Or Beth, a market president for a regional bank who found a way to leverage a commercial lending officer’s strengths in a way her male counterparts had not. “He was considered a low performer and was essentially written off by male leaders at the bank and left alone to figure out how to meet his goals,” Beth recounted. She identified where his talents and expertise did lie, and where his strengths complimented hers. She restructured his role so that he could make a positive contribution at the bank. She explained: “We now work in concert and closely together. Our collaboration and the combination of both our skills have led to us bring in new clients and provide better service to our current clients. He, the bank, and I have benefited.”
John Whitaker, an architect and a master’s candidate at the Sam Fox School of Design and Visual Arts at Washington University in St. Louis, explained that unlike his previous male bosses and mentors, Jacqueline, his thesis advisor, didn’t focus on competition or obtaining more knowledge than your colleagues. “I’d never had a female boss or mentor until last year. Unlike what I had been used to under male bosses/mentors, Jacqueline showed me that when you learn together and share your knowledge with others, you succeed together.”
He also described how Jacqueline taught him about managing personal and professional demands. “She took people as a whole package and worked together with all their complexity, openly accepting both the personal and professional parts of them,” he told me. “I have a two-year-old son and Jacqueline would encourage me to bring my son to the studio when I needed to because my wife travels internationally for work.”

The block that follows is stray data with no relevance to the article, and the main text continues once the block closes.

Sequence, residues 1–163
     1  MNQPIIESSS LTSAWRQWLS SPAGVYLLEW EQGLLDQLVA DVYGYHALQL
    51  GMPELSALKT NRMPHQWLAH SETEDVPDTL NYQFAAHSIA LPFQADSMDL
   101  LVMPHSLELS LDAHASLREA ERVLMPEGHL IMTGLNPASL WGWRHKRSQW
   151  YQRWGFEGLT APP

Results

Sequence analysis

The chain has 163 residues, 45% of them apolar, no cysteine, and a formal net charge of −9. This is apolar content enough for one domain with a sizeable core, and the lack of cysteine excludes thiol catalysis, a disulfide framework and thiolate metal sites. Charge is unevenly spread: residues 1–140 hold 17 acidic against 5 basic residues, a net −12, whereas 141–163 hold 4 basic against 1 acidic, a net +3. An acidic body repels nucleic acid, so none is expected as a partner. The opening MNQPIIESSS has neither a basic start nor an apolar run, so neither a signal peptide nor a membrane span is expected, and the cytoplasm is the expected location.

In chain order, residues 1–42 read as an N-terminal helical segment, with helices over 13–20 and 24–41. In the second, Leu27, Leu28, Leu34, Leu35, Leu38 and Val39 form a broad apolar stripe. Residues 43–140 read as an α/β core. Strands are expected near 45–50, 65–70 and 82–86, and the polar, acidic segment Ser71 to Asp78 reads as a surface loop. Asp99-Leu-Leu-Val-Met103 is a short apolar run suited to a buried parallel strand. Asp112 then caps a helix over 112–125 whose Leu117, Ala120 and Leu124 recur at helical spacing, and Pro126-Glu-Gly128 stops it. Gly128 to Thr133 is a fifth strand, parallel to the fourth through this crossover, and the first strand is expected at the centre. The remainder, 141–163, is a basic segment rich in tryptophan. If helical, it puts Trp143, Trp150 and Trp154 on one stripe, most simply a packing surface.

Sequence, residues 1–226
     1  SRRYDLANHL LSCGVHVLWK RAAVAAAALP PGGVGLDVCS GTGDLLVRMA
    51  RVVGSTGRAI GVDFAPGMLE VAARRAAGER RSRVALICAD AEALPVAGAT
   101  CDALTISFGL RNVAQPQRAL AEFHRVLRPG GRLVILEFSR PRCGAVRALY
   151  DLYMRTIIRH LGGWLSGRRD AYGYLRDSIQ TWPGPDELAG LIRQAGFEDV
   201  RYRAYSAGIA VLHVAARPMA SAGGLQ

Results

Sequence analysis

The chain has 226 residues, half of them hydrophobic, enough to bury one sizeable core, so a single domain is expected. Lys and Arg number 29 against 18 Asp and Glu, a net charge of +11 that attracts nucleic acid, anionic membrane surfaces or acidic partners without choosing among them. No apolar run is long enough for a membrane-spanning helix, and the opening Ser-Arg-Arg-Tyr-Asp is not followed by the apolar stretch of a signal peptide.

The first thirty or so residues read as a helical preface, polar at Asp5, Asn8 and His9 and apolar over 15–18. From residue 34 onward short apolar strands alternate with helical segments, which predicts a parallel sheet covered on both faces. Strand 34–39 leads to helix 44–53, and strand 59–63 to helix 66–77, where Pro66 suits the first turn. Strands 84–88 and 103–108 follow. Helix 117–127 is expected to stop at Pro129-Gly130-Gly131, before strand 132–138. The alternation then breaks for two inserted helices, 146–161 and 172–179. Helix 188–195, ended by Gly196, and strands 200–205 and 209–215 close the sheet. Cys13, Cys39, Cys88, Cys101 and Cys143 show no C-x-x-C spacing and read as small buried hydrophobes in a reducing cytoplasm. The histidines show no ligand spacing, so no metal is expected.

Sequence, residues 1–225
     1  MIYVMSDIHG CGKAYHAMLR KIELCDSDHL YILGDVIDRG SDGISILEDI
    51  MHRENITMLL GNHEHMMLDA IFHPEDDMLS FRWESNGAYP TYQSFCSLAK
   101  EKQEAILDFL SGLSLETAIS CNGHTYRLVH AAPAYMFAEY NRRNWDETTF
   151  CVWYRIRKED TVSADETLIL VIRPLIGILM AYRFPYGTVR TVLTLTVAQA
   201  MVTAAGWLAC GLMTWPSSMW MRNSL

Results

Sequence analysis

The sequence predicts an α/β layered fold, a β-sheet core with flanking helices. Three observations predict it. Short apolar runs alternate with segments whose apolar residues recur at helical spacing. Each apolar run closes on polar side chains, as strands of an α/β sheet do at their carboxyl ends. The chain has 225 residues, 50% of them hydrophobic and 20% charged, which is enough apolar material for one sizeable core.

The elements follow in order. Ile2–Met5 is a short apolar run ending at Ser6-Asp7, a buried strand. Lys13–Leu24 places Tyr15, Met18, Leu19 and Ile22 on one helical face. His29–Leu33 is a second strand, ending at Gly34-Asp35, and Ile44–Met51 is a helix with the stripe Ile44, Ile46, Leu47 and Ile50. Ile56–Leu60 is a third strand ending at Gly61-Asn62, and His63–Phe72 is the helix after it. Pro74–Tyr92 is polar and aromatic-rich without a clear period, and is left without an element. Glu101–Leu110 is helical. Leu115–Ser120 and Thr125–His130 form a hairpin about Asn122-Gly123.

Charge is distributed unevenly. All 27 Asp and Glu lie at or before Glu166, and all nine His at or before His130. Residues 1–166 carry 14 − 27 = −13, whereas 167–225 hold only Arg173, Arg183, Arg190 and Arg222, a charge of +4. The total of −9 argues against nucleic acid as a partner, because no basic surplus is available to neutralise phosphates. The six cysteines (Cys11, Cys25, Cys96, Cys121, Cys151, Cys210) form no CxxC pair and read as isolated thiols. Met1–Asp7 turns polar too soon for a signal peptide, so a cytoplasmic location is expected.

Darcy Howe, a founding member and investor in the Women’s Capital Connection, has been investing in women-led businesses for more than 10 years. But as a venture capitalist, and founder and managing director of KCRise Fund, she has also invested in 23 businesses run by men. What she’s learned about how they view her has been illuminating. “What male entrepreneurs tell me I do differently is that while I am as direct as their male VCs, I voice my concerns with empathy for how hard things are for them,” she said. “I connect them to the other funders, corporations, expertise, coaches, and resources they need to be successful. The approach I take encourages and builds them up so they can persevere and grow their business.”
Finally, Ewan MacDougall, a former Marine who became a diplomat, described his experience working for former U.S. Ambassador Marie Yovanovitch in glowing terms. “I’m uncertain about ascribing differences in my managers’ styles to gender,” he said, “but I do know this: Ambassador Marie Yovanovitch is the most impressive leader and diplomat I’ve ever worked with. Her mind works at a pace few can keep up with, yet she always went out of her way to build an inclusive team. I strive to emulate her excellence as a highly prepared, inclusive leader who taps into the full potential of each member of the team and cares about each individual as well as the mission as a whole. I know these traits will serve me well throughout my career.”
These stories and many more can help change the narrative of only women needing the support of men to succeed. Everyone needs strong mentors, sponsors, and leaders in their careers. Yes, we need men to sponsor and help advance women, and we need women to do the same for one another. But it’s time we tell more stories of women leaders developing, supporting, and advancing men in unexpected and powerful ways, too.
By Rania H. Anderson
Source: Harvard Business Review